I line my ruler up with the markings on the mat (look at top & bottom) before cutting. I think that puts the rotary cutter in the center of the cutting line. I put the squared up edge under the ruler & measure with the ruler

  23. #23
    Senior Member Linda B's Avatar
    Join Date
    May 2010
    Location
    East Tennessee
    Posts
    678
    I really like to use a Gingher ruler and a Gingher or Fiskars mat. The lines are thinner and I think it is easier to get accuracy. If you can't do that, try lining up your fabric at the line, place your ruler where you want to cut. Then before cutting, get a small ruler (I use the one with the slidey thing in it) and check the measurement from the edge of the fabric to the edge of the placed ruler. If that jives with what you are after, then make sure when you cut that you hold the rotary cutter in a straight up and down position relative to the edge of the ruler.

    Another trick -- after you have your ruler placed is to see if the quarter inch and eighth inch marks on your ruler match up at the top of the mat and at the bottom of the mat. These lines are usually thinner on the ruler and on the mat and can help in accurate placement.

    Again, as others have said, whatever method you use, be consistant.

  24. #24
    Senior Member Linda B's Avatar
    Join Date
    May 2010
    Location
    East Tennessee
    Posts
    678
    Oh, another thing -- check your ruler with another ruler. I actually have one that has a little more than 1/16th extra width in the first quarter inch. It drives me crazy!

  25. #25
    arpdesigns28's Avatar
    Join Date
    Jul 2010
    Location
    Louisville, KY
    Posts
    77
    Quote Originally Posted by bearisgray
    Quote Originally Posted by kapatt
    I just wanted to add that when you sew on your quilt, you should first do a test-strip to make sure that your settings on your sewing machine, your cutting and your pressing are accurate. To do that, you should cut two or three pieces of strips equal width, sew them together and then press them. See if the test strips come out at the right width. If they don't, then make the adjustments you need to make so that they are accurate.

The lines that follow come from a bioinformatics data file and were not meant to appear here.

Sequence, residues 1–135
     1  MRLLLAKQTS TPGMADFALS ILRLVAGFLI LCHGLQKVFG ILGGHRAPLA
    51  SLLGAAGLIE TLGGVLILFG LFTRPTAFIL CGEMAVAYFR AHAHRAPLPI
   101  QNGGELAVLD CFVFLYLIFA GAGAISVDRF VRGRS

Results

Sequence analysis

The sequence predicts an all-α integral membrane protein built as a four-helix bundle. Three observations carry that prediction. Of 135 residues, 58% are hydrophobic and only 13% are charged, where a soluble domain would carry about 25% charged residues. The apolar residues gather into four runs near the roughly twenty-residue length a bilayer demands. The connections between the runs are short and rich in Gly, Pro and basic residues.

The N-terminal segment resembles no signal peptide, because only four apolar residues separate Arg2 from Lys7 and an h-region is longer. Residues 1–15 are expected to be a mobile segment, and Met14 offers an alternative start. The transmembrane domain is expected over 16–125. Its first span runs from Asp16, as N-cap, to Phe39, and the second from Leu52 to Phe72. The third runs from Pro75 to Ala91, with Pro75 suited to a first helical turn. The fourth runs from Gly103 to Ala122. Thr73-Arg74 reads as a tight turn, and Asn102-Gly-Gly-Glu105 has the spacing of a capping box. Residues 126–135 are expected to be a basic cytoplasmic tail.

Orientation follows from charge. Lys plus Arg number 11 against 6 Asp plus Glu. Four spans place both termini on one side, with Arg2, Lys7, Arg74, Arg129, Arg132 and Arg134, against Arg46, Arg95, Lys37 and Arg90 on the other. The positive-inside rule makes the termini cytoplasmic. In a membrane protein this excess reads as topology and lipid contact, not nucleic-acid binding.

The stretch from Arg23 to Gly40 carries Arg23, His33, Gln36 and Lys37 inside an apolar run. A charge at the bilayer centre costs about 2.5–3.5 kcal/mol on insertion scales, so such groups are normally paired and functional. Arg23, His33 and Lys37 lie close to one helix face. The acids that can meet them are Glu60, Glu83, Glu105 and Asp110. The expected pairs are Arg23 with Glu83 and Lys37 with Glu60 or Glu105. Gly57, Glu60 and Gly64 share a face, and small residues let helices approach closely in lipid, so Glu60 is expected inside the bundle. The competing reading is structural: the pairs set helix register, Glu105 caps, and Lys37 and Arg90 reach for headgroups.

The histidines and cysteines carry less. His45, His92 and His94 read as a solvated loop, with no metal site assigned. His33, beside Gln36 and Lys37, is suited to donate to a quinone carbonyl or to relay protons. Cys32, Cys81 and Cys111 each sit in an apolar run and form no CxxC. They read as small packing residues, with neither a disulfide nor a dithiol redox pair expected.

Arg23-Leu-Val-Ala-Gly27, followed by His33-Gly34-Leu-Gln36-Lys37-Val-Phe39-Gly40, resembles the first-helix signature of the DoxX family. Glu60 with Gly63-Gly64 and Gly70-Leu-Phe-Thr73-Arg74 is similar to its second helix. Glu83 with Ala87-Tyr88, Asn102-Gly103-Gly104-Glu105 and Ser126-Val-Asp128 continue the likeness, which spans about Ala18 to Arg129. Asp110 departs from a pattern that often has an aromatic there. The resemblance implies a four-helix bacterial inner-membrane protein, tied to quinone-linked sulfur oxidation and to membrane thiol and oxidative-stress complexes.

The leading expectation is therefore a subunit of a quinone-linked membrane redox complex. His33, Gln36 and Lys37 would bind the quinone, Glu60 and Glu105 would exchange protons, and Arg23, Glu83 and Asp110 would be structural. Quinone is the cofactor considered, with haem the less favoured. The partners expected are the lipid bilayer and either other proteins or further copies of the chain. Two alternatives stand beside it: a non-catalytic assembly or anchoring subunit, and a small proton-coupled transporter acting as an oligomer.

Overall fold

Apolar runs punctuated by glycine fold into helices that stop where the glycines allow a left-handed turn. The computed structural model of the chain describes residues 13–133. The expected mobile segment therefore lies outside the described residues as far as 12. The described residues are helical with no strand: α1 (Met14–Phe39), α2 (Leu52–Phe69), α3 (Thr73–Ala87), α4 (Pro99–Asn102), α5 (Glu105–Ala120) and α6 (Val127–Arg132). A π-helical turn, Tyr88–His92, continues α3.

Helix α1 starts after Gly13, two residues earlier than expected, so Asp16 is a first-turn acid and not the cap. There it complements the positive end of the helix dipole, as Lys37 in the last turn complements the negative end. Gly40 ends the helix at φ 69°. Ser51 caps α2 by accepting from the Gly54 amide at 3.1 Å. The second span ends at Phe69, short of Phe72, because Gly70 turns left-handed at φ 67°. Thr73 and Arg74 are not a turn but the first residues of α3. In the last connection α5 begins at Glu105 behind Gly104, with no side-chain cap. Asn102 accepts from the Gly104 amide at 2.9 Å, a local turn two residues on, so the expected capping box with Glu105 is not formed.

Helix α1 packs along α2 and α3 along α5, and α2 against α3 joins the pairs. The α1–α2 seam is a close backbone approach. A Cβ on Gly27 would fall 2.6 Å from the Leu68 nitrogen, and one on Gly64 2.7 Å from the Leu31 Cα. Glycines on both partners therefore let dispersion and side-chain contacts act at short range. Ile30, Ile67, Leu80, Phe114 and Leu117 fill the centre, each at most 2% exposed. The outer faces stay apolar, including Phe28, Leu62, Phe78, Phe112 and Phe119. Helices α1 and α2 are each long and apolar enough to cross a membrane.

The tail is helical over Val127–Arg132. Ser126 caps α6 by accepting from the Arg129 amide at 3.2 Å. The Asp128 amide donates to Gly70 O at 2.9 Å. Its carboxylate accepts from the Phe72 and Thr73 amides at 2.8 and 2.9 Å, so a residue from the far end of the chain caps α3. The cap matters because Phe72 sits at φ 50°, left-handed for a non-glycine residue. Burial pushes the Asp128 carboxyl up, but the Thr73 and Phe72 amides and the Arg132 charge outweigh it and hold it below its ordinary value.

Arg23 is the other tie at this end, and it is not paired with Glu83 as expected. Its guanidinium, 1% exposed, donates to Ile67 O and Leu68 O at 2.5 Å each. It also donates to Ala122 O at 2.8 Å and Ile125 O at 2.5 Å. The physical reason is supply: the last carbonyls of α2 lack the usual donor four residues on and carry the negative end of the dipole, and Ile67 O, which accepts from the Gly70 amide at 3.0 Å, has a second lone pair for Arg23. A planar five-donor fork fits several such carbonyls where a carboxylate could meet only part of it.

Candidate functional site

Example...take three 2" strips and sew them side-by-side. After ironing they should measure out to 5 1/2 inches wide.

    Because of all of life's happenings, it can take me forever to finish a quilt. I make periodic test-strips throughout my quilt making process just because the settings can be messed with or changed without me realizing it.
    I think one would be aiming for a five inch wide piece, not a 5.5 inch piece.
    Well, it depends on the proportions that one would need or want to achieve to make something 5 1/2", although it is a little easier to just keep the finished piece after seam allowances at 5". For example, the quilt I am working on right now, drawn out proportionally on CAD, required a 1-1/2" strip at a certain point, with another 1/2" to add after that border as well. It solely depends on the quilter and the intentions they have.

Page 1 of 3 1 2 ... LastLast

Posting Permissions

  • You may not post new threads
  • You may not post replies
  • You may not post attachments
  • You may not edit your posts
  •  

SEO by vBSEO ©2011, Crawlability, Inc.